The Devil Queen

How my wife and I sold our souls to the Queen Anne Victorian we tried to save.

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Location: Crow Mountain, Arkansas, United States

Synopsis: This is a cautionary tale. A seriously disturbed couple find the charming, old ruin of a Queen Anne Victorian in Russellville, Arkansas, and buy it for $1.00. They tore the roof off, cut it in half, and had it moved to some land they owned sixteen miles away because they didn't know any better. Since then, they have hired and fired contractors, had all of their tools stolen, re-wired, re-plumbed, insulated, and essentially rebuilt the entire house. Their only problem is that after four years it still isn't finished. Now they are tired, broke, and wonder what in the hell it is they've done to themselves. And, it's haunted.
(Last updated on April 3, 2008)

Press: Russellville Courier Article - December 2003, HGTV website article, AP story - October 2006, and Victorian Homes Magazine - February 2008 (link coming soon).
Art: From time to time, I receive requests for my art. If you would like to look at more of my art, go to The Failed Artist. If you would like to buy my art, email me. I am more than happy to answer any questions you might have. Thanks!

Friday, August 24, 2007

What I Mean to Say

I meant to have a post up yesterday (actually, yesterday last week whenever that was), but, if you can believe it, I couldn’t write anything worth a week-old shit. Normally, finding the time to write is my problem not what to write. Tonight it came to me, why I couldn’t write. I wasn’t writing what is on my mind. It may be of absolutely no interest to anyone besides me but here it is.

The last few months have been extremely busy and difficult for us at the Devil Queen. The posting on the blog has suffered because of this. I’m sure you’ve noticed. Over the last few weeks, I’ve noticed that I haven’t been the only one. Jocelyn has been on vacation; Chris has been out to sea or at the office; Greg is enjoying the wide-world outside of his houseblog; Gary has been busy too; and so on it goes. And, incase anyone has any doubts there is nothing wrong with this. Do I miss having a new post every day or so? Sure. Do I begrudge anyone a life outside of his or her house or blog? No. What sense would that make?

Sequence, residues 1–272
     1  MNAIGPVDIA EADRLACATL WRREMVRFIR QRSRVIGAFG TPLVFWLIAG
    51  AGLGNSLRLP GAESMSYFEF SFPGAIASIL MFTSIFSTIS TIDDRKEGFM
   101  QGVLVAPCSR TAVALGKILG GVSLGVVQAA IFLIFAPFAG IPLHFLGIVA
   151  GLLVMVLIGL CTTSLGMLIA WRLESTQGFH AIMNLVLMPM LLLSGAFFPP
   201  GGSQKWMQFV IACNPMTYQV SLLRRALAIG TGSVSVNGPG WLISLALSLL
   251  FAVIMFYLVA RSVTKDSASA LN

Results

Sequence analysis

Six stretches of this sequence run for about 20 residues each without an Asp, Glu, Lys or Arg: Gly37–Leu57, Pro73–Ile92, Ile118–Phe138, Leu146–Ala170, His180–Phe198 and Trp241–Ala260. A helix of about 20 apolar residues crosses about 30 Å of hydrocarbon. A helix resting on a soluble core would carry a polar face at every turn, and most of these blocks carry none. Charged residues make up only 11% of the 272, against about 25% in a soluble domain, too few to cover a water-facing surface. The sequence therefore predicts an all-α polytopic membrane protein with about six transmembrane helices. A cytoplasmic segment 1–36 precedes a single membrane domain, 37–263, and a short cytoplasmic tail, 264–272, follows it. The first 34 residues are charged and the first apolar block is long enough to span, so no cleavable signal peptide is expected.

Out of the folks I mentioned by name above, all of them beside Chris we here on Houseblogs before I discovered the site. We’ve all been here posting about our respective houses for over two years or more. I can’t help but wonder what is the shelf life of a houseblog. Enon Hall is still going strong after what? Seven years? Eight? And, while the aforementioned folks haven’t abandoned their blogs, a number of folks have.

I was very excited when I first found Houseblogs. It’s kind of like going to high school in a small town where you didn’t really fit in, and then going to college and meeting a bunch a people just like you. I guess it’s kind of funny in hindsight since there is something like 700 or 800 houseblogs now, but finding nearly fifty other people doing the same thing we were was huge. Maybe I’m just being nostalgic, but the first few months (or more?) were a huge how-to, home improvement orgy. It was great. I can’t begin to tell you how much I learned from everyone.

But, once Gary has preached the Gospel of Shellac and you have made the Lac Bug part of your life, what more is there for you to do? Sure, there is no harm in singing its praises from time to time, but, at some point, breaking out the shellac just isn’t as blog worthy as it once was.